The right seed, in the right place, at the right time. This straight-forward goal was synthesized by the Colorado Plateau Native Plant Program, at a conference in Monticello, Utah. It assimilated a broad range of presentations, including the latest research on local plant genetics intertwined with climate variability, new conservation technology, and agronomic requirements for successful seed production. This simplistic goal resulted from a conversation of the various stakeholders involved with collection and production of native plants for habitat restoration. Often, the center stage of this conversation was Vernal, UT.
I have been an intern with the Bureau of Land Management in Vernal now for several weeks. During that time, I was able to attend the conference in Monticello and see where Vernal lies in the big picture of native plant restoration. When I first arrived in my new habitat, the local flora was covered with two feet of snow after what had been an unusual winter. However, I have learned it is a botanically interesting region due to roughly fifty endemic species associated with local geology, especially the oil-shale. The energy sector also finds this area very interesting. Consequently, there are abundant future reclamation needs. The anticipated demand for native seeds played a key role in Vernal’s place at the conference.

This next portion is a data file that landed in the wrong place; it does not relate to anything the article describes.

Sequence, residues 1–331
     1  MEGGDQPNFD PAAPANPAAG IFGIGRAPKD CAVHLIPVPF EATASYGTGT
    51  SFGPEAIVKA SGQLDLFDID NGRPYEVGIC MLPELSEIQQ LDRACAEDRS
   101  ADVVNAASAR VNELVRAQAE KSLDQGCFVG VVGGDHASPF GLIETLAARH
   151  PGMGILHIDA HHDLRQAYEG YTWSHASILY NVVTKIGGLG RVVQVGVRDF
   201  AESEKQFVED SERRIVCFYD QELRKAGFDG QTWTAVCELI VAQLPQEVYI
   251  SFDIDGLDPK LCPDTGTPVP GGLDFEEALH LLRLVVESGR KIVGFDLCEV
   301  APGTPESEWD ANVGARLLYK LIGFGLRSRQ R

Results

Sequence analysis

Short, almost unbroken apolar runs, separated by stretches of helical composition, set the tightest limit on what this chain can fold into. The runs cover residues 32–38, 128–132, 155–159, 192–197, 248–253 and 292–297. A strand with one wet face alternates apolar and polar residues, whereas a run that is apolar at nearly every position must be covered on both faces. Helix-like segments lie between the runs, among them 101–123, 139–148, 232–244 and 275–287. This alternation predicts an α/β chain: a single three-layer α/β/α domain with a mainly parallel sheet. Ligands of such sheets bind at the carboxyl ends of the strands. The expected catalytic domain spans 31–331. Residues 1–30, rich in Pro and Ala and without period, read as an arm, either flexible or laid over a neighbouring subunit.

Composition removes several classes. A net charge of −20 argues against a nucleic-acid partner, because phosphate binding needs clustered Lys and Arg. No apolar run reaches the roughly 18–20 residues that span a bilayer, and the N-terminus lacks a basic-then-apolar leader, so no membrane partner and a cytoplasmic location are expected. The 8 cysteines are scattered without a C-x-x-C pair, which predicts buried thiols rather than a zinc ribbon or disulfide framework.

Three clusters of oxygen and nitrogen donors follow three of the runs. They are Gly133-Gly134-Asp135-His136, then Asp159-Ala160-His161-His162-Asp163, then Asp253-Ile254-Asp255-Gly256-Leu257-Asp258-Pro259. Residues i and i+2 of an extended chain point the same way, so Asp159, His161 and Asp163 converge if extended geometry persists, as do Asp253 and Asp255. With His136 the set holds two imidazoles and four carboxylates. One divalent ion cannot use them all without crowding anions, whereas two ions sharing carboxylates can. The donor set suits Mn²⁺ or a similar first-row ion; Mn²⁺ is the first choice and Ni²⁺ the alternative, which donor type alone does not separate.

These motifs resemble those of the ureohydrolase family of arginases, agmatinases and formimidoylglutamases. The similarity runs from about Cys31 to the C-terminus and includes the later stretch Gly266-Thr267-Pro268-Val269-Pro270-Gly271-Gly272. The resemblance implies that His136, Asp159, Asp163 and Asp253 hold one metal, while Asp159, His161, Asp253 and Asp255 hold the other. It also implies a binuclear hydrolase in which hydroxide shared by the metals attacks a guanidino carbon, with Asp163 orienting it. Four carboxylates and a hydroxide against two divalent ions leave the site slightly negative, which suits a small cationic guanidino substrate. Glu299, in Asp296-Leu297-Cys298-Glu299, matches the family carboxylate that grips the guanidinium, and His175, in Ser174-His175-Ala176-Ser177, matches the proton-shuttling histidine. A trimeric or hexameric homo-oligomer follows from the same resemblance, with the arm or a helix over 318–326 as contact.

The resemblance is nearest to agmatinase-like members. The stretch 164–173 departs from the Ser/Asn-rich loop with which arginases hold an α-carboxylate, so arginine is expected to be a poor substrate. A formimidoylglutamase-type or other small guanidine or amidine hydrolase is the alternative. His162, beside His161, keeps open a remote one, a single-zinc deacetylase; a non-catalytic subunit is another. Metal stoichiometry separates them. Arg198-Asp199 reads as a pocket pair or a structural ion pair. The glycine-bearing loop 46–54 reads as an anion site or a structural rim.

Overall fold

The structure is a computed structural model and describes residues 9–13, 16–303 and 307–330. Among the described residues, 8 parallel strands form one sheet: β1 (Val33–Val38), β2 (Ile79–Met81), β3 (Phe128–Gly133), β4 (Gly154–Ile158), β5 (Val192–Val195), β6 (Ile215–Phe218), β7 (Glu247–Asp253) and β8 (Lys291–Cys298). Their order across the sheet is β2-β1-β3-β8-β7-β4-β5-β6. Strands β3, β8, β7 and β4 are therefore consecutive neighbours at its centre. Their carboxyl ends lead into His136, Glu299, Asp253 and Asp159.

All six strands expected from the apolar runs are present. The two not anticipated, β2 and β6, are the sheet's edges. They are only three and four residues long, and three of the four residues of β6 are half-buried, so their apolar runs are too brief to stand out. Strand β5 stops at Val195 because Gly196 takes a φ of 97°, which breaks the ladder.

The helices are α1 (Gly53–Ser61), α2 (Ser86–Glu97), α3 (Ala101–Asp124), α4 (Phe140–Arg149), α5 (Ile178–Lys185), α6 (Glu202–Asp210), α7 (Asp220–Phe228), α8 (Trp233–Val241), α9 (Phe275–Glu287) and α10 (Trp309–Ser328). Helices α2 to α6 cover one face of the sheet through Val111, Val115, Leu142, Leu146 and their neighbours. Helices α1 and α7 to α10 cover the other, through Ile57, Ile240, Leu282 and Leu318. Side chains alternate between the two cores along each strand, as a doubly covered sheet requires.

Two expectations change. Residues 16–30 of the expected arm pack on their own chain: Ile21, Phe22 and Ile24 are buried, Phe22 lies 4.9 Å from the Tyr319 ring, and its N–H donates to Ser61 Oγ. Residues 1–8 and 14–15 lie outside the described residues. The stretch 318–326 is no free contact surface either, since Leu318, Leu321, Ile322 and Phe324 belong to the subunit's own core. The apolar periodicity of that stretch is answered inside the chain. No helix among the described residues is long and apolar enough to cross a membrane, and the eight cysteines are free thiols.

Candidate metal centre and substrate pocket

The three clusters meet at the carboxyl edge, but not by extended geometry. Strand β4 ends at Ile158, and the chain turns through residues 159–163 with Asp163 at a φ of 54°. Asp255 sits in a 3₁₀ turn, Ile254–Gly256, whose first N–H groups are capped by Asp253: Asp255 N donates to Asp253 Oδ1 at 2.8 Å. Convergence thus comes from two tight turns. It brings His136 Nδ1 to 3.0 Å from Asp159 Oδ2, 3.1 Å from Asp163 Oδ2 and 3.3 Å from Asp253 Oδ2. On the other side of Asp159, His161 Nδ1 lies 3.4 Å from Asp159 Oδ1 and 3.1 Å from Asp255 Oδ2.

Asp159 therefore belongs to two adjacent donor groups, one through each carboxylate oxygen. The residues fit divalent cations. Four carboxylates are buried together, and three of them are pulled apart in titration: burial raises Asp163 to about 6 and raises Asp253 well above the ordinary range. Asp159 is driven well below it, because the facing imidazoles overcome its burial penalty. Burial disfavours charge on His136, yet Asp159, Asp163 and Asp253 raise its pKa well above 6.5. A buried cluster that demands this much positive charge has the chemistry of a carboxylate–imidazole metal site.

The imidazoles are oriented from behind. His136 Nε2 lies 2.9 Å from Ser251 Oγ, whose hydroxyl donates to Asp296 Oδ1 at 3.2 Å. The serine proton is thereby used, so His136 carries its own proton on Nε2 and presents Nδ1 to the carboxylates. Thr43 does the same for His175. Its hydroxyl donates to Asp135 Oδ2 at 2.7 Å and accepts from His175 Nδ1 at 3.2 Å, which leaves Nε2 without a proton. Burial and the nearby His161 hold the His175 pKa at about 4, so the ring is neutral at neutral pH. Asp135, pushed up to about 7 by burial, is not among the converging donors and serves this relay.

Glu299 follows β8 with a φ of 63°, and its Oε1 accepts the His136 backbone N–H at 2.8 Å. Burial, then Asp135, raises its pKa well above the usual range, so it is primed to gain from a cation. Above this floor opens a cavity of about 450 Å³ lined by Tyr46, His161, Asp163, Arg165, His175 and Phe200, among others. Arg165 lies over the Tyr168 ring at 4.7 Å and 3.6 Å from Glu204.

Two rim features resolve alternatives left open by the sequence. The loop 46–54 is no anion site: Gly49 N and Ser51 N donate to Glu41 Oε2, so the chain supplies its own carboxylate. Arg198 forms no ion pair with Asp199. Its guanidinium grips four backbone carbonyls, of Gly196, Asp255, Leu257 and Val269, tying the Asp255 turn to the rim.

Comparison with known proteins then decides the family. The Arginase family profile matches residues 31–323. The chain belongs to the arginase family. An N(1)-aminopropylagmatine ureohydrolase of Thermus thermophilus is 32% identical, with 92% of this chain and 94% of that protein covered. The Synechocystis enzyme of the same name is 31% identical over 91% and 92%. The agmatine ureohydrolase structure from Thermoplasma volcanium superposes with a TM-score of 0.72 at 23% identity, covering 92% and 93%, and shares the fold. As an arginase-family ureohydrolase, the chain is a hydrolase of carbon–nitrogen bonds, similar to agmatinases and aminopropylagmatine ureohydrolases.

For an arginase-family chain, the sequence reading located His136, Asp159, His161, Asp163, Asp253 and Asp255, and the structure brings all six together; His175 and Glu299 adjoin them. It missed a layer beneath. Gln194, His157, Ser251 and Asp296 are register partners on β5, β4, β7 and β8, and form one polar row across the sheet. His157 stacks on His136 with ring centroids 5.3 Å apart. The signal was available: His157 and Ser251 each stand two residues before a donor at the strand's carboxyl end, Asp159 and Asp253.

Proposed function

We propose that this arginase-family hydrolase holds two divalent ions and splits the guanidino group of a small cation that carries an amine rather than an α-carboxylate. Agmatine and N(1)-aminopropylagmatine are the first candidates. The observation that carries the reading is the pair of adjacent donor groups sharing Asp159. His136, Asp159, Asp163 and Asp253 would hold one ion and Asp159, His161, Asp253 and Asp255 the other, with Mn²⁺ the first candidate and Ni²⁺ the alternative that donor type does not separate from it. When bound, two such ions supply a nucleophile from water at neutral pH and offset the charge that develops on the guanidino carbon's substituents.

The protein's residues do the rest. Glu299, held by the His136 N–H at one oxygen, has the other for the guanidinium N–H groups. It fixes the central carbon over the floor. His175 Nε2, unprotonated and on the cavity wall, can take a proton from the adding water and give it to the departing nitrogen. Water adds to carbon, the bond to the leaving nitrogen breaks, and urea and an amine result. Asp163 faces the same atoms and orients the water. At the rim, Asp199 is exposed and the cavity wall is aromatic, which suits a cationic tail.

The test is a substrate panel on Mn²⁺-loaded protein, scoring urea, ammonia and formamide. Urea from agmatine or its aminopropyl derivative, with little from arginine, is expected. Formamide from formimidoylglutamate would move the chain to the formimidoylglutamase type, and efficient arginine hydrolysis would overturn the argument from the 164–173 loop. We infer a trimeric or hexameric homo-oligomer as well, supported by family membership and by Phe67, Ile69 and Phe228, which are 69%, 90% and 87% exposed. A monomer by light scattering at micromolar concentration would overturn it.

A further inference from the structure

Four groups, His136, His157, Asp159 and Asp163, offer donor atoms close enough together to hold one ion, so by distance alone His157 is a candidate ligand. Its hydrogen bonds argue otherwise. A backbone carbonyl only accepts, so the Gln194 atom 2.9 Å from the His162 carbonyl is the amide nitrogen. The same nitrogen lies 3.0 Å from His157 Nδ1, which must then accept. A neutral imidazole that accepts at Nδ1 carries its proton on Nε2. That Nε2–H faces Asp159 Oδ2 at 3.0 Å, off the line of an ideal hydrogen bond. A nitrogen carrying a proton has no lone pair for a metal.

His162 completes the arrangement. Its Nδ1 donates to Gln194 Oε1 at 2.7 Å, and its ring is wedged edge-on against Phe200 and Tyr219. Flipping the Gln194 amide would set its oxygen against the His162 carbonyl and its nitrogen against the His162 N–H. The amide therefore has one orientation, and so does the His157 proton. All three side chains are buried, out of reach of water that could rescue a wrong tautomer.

While the snow melted, I compiled data to answer the question of “what seed?” I have become acquainted with the local flora of the herbarium and their locations on a map. However, I got my first taste of the field today, checking on seedlings of a milkvetch species that is endemic to a particular bend of the Green River. The tiny seedlings were exciting to find and identify, being that they are so unique to that location. The landscape was enamoring, and I look forward to a season of discovering its hidden gems.